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Top Stories 2012: Sandy Leaves Gas Stations High And Dry

Sam Nik of the Ardsley Getty station prints "No Gas" signs at his station on Saw Mill River Road.
Sam Nik of the Ardsley Getty station prints "No Gas" signs at his station on Saw Mill River Road. Photo Credit: Danny LoPriore

DOBBS FERRY, N.Y. — Fuel seekers from as far as Brooklyn waited in long lines at gas stations in the Rivertowns in early November after Hurricane Sandy hit on Oct. 29 and caused fuel shortages due to power outages and stalled gas deliveries.

Motorists formed lines as long as a quarter of a mile in Dobbs Ferry, Ardsley and Hastings when gas became available.

But Sam Nik of the Ardsley Getty Station on Saw Mill River Road and Ashford Avenue was more concerned about the lack of power at his home in Dobbs Ferry than about the empty gas tanks.

"When is the power coming back?" Nik asked. "I have no lights at home and no gas at work. People are going crazy asking when we will have a delivery."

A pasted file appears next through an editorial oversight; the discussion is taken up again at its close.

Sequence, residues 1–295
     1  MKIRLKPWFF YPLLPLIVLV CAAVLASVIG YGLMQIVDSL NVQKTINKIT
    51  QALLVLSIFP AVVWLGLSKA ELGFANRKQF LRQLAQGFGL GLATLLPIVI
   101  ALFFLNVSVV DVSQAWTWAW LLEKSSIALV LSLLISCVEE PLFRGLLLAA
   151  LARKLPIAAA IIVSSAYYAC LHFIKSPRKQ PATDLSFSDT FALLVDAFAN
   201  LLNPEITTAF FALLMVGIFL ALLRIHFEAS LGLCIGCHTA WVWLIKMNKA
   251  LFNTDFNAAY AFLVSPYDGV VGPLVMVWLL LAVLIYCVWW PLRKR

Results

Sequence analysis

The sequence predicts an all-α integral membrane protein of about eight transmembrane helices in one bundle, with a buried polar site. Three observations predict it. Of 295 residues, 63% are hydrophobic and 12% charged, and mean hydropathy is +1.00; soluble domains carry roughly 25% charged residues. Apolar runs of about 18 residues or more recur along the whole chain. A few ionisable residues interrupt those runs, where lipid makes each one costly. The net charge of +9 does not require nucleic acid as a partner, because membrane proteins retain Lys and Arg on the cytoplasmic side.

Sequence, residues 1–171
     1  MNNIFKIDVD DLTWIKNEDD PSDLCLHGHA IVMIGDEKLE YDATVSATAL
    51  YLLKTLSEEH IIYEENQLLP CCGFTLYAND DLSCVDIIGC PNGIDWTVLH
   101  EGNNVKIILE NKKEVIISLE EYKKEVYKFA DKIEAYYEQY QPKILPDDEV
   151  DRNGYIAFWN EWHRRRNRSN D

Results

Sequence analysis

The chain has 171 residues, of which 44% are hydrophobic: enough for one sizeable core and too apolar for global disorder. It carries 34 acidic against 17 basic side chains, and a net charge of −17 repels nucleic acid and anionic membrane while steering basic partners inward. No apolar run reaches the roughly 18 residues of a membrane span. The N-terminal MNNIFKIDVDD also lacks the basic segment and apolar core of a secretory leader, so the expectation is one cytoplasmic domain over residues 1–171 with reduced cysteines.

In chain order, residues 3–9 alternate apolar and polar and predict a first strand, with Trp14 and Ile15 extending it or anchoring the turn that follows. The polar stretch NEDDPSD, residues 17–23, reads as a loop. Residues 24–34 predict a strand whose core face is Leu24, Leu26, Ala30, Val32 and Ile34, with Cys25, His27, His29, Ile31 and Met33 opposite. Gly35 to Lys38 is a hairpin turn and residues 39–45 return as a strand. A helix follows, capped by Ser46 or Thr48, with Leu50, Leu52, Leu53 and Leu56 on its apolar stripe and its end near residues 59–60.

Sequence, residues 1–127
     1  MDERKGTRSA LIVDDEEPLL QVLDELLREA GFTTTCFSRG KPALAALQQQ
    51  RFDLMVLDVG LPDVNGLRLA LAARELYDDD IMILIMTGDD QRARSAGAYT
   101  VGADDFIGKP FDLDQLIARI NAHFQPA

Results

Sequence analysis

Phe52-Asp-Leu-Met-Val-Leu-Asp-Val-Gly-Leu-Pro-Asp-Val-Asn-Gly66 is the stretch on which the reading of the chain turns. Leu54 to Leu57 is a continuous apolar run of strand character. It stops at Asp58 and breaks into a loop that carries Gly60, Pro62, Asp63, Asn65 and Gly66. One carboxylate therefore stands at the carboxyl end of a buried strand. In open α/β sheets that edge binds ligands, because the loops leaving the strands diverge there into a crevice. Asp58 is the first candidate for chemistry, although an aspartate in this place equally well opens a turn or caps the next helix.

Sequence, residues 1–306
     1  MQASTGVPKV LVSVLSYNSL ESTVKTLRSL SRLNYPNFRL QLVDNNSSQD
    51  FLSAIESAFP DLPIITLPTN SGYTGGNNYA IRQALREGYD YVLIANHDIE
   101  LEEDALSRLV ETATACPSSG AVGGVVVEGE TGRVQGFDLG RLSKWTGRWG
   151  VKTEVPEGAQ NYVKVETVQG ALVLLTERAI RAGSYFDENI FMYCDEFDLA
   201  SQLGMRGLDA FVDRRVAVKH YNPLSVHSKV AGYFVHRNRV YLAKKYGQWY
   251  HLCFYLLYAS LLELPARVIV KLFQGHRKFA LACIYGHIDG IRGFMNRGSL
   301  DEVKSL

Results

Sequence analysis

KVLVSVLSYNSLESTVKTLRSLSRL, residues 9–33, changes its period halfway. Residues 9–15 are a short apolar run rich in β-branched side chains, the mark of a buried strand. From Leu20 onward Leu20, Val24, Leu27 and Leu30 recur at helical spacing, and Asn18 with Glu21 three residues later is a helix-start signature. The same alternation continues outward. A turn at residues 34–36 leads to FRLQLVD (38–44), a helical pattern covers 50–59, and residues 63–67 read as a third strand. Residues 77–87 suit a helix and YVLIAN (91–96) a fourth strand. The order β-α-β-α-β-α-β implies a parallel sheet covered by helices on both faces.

As motorists went back to work after the storm, gas stations in Ardsley were either closed due to power outages or out of gas because deliveries could not be made from New Jersey ports distribution points. Customers moved from station to station looking for gas for cars, trucks and generators.

Although New York City and New Jersey as well as nearby Yonkers imposed rationing schedules, local residents were not restricted in their quest for precious petrol. Local police reported no serious problems on the long lines as drivers stayed calm during waits of up to two hours.

Gov. Andrew M. Cuomo announced Nov. 3 that gasoline was on its way to Westchester and the rest of the state. A total of 8 million gallons of gasoline were released and  28 million gallons were expected to arrive in the second week of November, easing the shortages. Power was restored to most of the Rivertowns within two weeks of Sandy's arrival, getting most local gas stations back to normal.